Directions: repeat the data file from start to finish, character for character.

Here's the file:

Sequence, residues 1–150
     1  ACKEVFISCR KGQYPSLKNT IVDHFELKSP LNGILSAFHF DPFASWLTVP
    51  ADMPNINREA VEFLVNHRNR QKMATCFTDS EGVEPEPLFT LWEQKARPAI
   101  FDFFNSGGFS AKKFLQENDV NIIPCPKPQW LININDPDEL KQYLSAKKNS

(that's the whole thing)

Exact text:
Sequence, residues 1–150
     1  ACKEVFISCR KGQYPSLKNT IVDHFELKSP LNGILSAFHF DPFASWLTVP
    51  ADMPNINREA VEFLVNHRNR QKMATCFTDS EGVEPEPLFT LWEQKARPAI
   101  FDFFNSGGFS AKKFLQENDV NIIPCPKPQW LININDPDEL KQYLSAKKNS